No matter how big of a hard drive you have, it will fill up eventually. And even though some may think a hard drive with a larger capacity will solve all of your problems, they are probably wrong.
This is because gathering files and apps and never deleting them is a bad habit, and it will not go away if you buy a new hard drive with higher capacity – you will most likely fill it up too. Which is bad, especially for Macs – then they become slower and not as efficient.
And who wants a slow and inefficient Mac as a result? Nobody does, because Macs have always been valued for their speed and effectiveness. Therefore today, we want to share some tips that will help you have more hard drive space on your Mac. And a faster Mac as a result.
Tip #1: Uninstall Apps You Do Not Use
There is no Mac that has no applications – but some of them really have too much of them. Apps are such a thing – it is something new people like to try out, either it is for fun and entertainment or for productivity enhancement.
But the biggest problem is that after we download those apps and try them out, we often forget about them. And even though there might be a pile of unused apps that are taking up valuable hard drive space, we often forget to uninstall them.
For those of you who have a bunch of apps like these but do not have time – it is recommended to use the software that will help clean and uninstall such apps in no time. But if you want to do it manually, you can check how much space is used by apps by clicking on the Apple icon, going to the option About This Mac, and clicking Storage.
Tip #2: Delete Files You Do Not Need
After you cleaned up your apps and checked out the storage statistics, you know how much space was used by the apps you don’t need and how much of hard drive space is still occupied by various formats of files.
If you can clearly see that you have a problem with storing too many files on your hard drive and that the free disk space is less than 10-15%, then a full hard drive should be slowing down your Mac, and it shouldn’t be hard to tell.
Therefore try to delete as many unneeded files as possible. If you find it difficult to say goodbye to files like your old videos or photographs from when you traveled worldwide, simply purchase an external hard drive or think about checking out some best cloud storage services that will make your files easier to access from any device.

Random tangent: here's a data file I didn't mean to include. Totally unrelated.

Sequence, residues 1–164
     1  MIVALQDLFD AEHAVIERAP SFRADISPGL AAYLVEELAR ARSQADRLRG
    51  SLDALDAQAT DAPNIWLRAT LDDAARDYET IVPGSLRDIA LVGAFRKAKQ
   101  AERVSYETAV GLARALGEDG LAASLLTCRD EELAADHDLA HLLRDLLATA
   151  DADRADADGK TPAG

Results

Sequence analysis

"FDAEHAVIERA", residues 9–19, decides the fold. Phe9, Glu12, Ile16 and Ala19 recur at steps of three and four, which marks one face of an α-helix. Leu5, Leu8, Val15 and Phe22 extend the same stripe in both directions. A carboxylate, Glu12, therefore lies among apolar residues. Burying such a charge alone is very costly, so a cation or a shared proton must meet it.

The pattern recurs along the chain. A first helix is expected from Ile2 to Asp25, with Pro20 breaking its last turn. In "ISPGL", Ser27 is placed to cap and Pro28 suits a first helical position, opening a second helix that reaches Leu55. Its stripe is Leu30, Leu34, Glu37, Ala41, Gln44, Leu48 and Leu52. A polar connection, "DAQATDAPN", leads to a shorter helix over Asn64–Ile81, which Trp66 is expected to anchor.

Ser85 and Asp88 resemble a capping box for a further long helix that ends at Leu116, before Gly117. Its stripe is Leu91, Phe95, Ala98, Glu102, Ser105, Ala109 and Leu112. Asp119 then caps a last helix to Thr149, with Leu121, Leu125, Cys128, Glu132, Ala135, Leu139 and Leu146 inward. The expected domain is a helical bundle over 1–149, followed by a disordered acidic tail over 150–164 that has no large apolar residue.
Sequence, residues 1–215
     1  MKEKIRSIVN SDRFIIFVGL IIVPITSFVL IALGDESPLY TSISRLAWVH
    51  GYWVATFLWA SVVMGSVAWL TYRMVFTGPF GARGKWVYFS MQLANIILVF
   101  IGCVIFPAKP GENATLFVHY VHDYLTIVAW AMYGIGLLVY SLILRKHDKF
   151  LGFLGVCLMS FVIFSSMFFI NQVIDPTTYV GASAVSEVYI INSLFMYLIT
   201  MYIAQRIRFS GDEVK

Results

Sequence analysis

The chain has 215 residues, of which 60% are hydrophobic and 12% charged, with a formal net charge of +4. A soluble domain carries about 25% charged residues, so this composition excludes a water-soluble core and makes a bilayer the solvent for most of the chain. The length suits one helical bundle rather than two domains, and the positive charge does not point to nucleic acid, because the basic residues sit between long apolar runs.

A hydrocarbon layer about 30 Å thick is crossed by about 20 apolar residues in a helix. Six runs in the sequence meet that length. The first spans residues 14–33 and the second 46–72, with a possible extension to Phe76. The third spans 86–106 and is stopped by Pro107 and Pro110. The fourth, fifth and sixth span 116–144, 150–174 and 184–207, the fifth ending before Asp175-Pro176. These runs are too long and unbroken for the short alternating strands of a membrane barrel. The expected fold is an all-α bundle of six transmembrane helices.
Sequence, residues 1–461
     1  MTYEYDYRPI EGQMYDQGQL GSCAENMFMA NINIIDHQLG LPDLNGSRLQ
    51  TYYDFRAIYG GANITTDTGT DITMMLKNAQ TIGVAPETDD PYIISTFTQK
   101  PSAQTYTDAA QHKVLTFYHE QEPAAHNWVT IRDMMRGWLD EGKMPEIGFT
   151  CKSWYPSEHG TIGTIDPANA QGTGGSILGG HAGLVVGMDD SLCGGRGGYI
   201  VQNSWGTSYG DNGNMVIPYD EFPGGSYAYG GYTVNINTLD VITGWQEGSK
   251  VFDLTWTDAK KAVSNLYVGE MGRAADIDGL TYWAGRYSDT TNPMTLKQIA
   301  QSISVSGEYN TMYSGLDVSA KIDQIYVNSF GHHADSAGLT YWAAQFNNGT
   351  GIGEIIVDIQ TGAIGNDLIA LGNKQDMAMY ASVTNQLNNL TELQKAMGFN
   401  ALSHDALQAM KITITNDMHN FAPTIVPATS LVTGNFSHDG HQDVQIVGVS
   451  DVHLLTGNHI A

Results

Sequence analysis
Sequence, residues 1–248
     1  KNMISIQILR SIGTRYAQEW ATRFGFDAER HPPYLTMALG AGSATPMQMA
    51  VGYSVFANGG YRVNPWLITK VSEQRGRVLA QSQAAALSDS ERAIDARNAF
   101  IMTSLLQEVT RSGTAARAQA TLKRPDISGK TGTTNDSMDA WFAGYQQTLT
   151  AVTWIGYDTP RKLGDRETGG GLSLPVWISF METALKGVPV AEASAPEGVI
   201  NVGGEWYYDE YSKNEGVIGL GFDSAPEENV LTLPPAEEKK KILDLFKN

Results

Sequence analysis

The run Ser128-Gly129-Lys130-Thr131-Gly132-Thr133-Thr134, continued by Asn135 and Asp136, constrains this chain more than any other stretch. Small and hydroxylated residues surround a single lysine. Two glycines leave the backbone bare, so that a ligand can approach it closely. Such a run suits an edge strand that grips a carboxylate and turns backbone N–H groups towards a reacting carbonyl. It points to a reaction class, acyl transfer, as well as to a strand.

Read Also – The 100 Best Google Chrome Extensions for 2020
Tip #3: Do Not Forget the Desktop & Trash Bin
After you deleted a bunch of files that you no longer needed, always remember to empty your Trash Bin afterward. If you want – all of the files that you just deleted will keep lingering around in your Trash Bin. Which means your Mac’s speed won’t get any better.
In fact, the best way to go is to make it a healthy habit – each time you finish working with your computer, clean your Desktop and afterward – empty your Trash Bin.
Cleaning your Desktop will make you more productive and efficient because you will be able to find the needed files faster, and you shall avoid stupid mistakes. Also, your Mac uses its resources to display each icon on your Desktop – so the less you have, the better.
Tip #4: Empty Cache Files
To store all kinds of information, most applications create and use cache files. And even though macOS is known to be very good at cleaning itself – it cannot clean everything. Over time, these apps that create cache files might and will accumulate large piles of cache files.
And just as it is with too many apps and files on your computer – cache files take up valuable storage space on your hard drive and make your Mac run slower. For example, internet browsers save browser cache files so that your most often visited websites would load faster.
Luckily, such cache files are safe to delete – because if an application really needs it to function properly, it will just create a new file. You can find these files either going to Your Home Folder, clicking the Library, and choosing Cache or going to Macintosh HD, clicking the Library, and then choosing Cache.